The connection panel is identical to that of the HX750, including four HDMI inputs (two down-facing and two side-facing), one component video mini-jack that requires the use of a supplied breakout cable, one PC input, and a single RF input to access the internal ATSC and Clear-QAM tuners. Dual side-facing USB ports support media playback, as well as the addition of USB peripherals like a camera. The back panel sports an Ethernet port for a wired network connection, or you can connect via the built-in WiFi. The KDL-55HX850 also offers WiFi Direct, so compatible mobile devices can communicate directly with the TV without going through a wireless router. The TV lacks RS-232 and/or IR ports for easy integration into an advanced control system.
As with the HX750, the HX850 picture menu offers most of the important adjustments, including manual and automatic backlight adjustment, RGB bias and gain controls to fine-tune white balance, noise reduction, and a seven-step gamma control. You also get two options to address the aggressiveness of the local dimming. It lacks the more precise 10-point white-balance controls and independent color management that you can find in similarly priced models from Samsung and LG. This TV has a true 240Hz refresh rate and adds backlight scanning to achieve the "XR 960" effect (the HX750 also has a 240Hz refresh rate but uses the XR 480 backlight scanning). The Motionflow menu includes Off, Standard, Smooth, Clear, Clear Plus, and Impulse modes; the new Impulse mode produces outstanding motion resolution but significantly dims the image and produces a subtle pulsing/flickering effect. I find the Clear mode to offer the best combination of image brightness and motion resolution. The Standard/Smooth modes use frame interpolation, which removes judder and produces a very smooth motion effect with film sources. I'm not personally a fan of this approach, but Sony's Standard mode is one of the better-performing examples of the technology.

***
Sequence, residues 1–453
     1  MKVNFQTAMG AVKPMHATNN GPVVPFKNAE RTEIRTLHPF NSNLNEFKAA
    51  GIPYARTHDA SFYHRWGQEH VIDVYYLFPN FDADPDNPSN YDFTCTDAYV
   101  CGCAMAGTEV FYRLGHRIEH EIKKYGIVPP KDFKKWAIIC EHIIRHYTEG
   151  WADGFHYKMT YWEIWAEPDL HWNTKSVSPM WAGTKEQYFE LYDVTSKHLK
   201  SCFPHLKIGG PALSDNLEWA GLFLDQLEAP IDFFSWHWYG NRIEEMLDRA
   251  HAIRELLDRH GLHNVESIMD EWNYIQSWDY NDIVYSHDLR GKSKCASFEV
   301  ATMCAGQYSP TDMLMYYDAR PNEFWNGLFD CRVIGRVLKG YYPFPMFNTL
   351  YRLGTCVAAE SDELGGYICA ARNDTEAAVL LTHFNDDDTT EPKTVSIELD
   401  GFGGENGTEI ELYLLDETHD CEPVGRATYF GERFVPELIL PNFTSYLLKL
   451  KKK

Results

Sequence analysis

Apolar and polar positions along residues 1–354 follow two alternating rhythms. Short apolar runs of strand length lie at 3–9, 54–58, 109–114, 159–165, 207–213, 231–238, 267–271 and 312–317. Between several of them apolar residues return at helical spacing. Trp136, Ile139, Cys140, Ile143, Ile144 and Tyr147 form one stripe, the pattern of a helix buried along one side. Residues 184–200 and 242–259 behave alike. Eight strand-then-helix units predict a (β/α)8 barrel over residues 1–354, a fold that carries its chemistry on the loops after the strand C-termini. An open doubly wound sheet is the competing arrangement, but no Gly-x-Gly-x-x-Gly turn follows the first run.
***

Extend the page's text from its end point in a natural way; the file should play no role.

In the 3D realm, the KDL-55HX850 uses active 3D technology, which means it alternately flashes a full-resolution left-eye and right-eye image. This requires the use of active-shutter 3D glasses, and Sony does not include any in the package. The HX850 adds 3D Super-resolution technology not offered in the HX750, which is designed to offer better 3D detail. The 3D setup menu includes the ability to adjust the depth of the 3D image in five steps and to adjust the brightness of the 3D glasses (with Auto, Low, Medium, and High options). You can also enable "Simulated 3D" for 2D-to-3D conversion, with Low, Medium, and High options.
The Sony Entertainment Network Web platform combines Sony's Video Unlimited and Music Unlimited services with a host of premium apps, including Netflix, Amazon Instant Video, YouTube, Hulu Plus, Facebook, Twitter, Skype, Pandora, and more. Web browsing and DLNA/USB media playback are available. To get more details on SEN 2012, check out my separate review. The KDL-55HX850 does not include an integrated Web camera for Skype, nor does it offer the voice/motion control you can find elsewhere. Sony's iOS/Android control app, Media Remote, includes slider control, a cursor for Web navigation, a virtual keyboard, and the ability to flick Web content from your smartphone/tablet to the TV (and vice versa).
Read about the high points and low points of the KDL-55HX850 on Page 2.